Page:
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asset protectionA revocable living trust is a very valuable estate planning tool. One thing that you should understand right off the bat about a revocable living trust is that it can be useful for you, even if you are not a multimillionaire.

In fact, a revocable living trust is not the right choice for some very high net worth individuals. This is because of the fact that a revocable living trust does not provide asset protection, and it does not provide estate tax efficiency.

The estate tax would be applicable on asset transfers that exceed $5.45 million in value. If the value of your estate does not exceed this amount, you don’t have to worry about the estate tax.

The reason why a revocable living trust does not protect assets from creditors or the IRS is because of the fact that it is in fact revocable. This is a bad thing if you want to separate yourself from your assets, but it can be a good thing for some people.

Since you can revoke the trust, you can change your mind and take back the assets at any time. Plus, you can act as the trustee initially, and you can also act as the beneficiary. This gives you complete control. While the trust is intact, you control its actions, and you can dissolve the trust entirely if you choose to do so.

A trust that would protect assets and/or provide estate tax efficiency would not be a revocable trust. Trusts that accomplish these aims are irrevocable trusts. As the name indicates, you cannot revoke this type of trust, so you are surrendering incidents of ownership.

The trust is the owner of the assets; you can’t take them back, so they are protected from litigants seeking redress from you personally. They would also be removed from your estate for estate tax purposes.

However, we should point out the fact that a revocable living trust can provide a certain level of asset protection to the beneficiaries after you pass away.

Attend a Free Seminar

If you would like to learn more about living trusts, asset protection, and other important estate planning topics, attend one of our free seminars. We offer these sessions on an ongoing basis throughout various locations in southwest Florida, and you can visit our seminar schedule page to see the upcoming dates.

Value of Revocable Living Trusts

When you find out that revocable living trusts do not protect assets while you are living, and they do not provide tax efficiency, you may wonder why you would want one. This is understandable, but in fact, these trusts are very useful.

If you were to use a last will to facilitate asset transfers after you pass away, the heirs could not receive their inheritances in a timely manner. The executor that you name in the document would be forced to admit the will to probate. This is the legal process of estate administration.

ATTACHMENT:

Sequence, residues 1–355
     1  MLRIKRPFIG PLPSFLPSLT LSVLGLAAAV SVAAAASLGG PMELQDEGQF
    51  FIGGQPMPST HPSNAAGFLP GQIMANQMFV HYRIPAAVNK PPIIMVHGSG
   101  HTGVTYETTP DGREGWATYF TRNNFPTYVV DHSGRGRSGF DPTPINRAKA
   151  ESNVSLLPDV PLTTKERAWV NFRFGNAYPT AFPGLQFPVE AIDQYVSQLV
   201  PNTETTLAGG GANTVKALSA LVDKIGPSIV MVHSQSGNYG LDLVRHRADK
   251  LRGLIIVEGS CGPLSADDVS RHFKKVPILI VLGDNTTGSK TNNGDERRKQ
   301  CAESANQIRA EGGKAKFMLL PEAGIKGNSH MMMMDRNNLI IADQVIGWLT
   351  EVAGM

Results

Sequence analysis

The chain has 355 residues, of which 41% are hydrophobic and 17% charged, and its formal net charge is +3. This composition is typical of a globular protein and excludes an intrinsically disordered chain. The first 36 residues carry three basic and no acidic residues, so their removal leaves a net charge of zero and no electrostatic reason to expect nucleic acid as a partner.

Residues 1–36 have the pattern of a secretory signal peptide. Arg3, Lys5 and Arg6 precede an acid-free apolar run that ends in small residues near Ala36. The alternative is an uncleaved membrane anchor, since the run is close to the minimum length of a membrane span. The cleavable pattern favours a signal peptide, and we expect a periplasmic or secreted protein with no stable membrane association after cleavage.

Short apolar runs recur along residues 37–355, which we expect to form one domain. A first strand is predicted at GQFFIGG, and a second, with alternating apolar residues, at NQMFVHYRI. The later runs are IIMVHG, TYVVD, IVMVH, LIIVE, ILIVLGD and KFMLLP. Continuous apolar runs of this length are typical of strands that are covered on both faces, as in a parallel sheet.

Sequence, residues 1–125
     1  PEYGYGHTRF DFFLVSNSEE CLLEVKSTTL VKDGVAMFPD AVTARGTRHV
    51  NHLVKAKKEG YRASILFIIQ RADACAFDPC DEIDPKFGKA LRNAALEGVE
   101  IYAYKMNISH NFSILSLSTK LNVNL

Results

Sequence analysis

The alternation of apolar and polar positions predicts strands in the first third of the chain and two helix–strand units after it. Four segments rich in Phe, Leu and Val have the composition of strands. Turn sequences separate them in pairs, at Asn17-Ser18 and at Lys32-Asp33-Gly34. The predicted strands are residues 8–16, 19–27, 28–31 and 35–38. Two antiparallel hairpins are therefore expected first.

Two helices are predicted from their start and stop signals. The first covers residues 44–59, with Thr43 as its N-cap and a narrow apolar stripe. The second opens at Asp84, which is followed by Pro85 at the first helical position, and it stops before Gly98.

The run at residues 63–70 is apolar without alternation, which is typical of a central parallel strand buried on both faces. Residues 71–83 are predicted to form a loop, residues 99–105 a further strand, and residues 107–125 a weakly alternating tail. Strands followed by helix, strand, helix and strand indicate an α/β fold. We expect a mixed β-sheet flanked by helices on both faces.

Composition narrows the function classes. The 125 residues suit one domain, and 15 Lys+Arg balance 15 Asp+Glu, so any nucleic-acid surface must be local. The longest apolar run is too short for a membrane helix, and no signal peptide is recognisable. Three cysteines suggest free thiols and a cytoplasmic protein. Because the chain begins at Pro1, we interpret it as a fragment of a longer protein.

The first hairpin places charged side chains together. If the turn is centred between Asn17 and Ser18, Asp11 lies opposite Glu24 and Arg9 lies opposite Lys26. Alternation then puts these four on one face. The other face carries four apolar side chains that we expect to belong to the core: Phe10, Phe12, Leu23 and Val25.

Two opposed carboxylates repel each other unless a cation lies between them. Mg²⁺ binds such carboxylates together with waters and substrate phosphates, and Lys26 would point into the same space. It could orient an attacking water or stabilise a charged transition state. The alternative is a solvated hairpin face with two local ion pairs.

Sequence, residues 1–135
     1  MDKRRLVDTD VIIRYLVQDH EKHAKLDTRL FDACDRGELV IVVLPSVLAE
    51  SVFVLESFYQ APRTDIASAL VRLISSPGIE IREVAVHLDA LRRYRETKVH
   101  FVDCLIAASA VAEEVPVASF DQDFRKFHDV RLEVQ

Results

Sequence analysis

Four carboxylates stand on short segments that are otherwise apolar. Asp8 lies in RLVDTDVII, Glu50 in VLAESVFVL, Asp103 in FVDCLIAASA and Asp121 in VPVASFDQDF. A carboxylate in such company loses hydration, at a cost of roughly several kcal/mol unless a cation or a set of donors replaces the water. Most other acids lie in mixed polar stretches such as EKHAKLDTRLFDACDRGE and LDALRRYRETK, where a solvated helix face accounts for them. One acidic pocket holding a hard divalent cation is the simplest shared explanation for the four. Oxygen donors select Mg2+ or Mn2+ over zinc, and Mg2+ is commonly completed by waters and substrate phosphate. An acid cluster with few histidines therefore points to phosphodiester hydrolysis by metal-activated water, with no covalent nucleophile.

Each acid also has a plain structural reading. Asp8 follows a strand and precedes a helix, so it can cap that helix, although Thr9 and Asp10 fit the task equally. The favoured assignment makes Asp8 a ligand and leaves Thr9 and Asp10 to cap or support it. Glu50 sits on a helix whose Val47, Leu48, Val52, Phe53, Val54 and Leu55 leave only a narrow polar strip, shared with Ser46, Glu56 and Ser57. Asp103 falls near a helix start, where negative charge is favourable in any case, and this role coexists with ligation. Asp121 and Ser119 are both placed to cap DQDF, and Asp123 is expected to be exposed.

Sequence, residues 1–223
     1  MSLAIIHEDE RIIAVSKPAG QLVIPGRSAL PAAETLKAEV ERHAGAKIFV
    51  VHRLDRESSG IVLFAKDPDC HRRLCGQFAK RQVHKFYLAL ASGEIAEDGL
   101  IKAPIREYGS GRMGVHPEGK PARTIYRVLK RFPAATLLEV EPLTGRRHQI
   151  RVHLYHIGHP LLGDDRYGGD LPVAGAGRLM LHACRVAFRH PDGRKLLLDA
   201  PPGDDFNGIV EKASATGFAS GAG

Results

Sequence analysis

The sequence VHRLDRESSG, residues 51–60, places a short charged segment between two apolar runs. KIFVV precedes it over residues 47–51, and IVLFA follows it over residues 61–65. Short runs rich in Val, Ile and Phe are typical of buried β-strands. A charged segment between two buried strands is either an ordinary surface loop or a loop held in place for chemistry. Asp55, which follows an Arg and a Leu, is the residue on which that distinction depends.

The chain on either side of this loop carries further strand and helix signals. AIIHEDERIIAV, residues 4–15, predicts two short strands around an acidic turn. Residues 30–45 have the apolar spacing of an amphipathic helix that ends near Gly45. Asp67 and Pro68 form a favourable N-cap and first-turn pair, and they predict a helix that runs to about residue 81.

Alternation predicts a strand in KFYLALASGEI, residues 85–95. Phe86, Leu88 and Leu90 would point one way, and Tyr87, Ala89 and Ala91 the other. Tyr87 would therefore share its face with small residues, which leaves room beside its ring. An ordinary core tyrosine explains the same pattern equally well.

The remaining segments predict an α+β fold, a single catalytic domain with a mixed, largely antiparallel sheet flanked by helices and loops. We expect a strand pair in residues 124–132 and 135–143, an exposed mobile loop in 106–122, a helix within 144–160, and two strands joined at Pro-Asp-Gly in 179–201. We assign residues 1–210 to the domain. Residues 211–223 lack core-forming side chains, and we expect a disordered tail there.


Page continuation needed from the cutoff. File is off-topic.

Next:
Probate serves a purpose, but it does not necessarily serve the purposes of the heirs to the estate. This process can be time-consuming, with the exact duration of the process depending upon the circumstances. Even if there are no snags, and the property is relatively simple to distribute, the probate process will take close to a year in most areas.

Plus, there are considerable expenses that can accumulate during probate, and it is a public proceeding. Anyone who wanted to find out how you planned your estate could access probate records to get all the facts.

On the other hand, if you were to use a revocable living trust as your primary vehicle of asset transfer, probate would not be a factor. After your passing, the trustee would follow your instructions and distribute assets to the beneficiaries in accordance with your wishes outside of the probate process.

You would have the ability to instruct the trustee to distribute assets over an extended period of time if this is your choice, and this can be comforting if you have a spendthrift beneficiary.

Probate avoidance is one major advantage that you gain when you utilize a revocable living trust. Another benefit is the ability to prepare for possible incapacity.

A significant percentage of elders become unable to handle their financial affairs eventually. There are various different underlying causes, but Alzheimer’s disease is a leading culprit. This disease strikes around 45 percent of people who are at least 85 years of age.

When you have a revocable living trust, you could empower a disability trustee to administer the trust in the event of your incapacitation.

Attend a Free Seminar

If you would like to learn more about living trusts, asset protection, and other important estate planning topics, attend one of our free seminars. We offer these sessions on an ongoing basis throughout various locations in southwest Florida, and you can visit our seminar schedule page to see the upcoming dates.

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